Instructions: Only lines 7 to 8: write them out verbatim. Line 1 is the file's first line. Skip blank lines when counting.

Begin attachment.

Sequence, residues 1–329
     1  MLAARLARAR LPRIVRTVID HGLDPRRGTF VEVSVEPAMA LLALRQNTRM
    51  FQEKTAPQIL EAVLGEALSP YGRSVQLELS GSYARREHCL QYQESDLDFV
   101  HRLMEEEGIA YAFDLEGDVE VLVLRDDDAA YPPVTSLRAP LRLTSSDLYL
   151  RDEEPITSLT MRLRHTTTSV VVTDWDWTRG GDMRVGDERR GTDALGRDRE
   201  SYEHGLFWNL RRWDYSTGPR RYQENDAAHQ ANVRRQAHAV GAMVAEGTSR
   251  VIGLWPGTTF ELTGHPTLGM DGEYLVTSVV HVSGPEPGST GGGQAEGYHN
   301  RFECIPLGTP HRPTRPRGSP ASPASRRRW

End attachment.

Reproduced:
   251  VIGLWPGTTF ELTGHPTLGM DGEYLVTSVV HVSGPEPGST GGGQAEGYHN
   301  RFECIPLGTP HRPTRPRGSP ASPASRRRW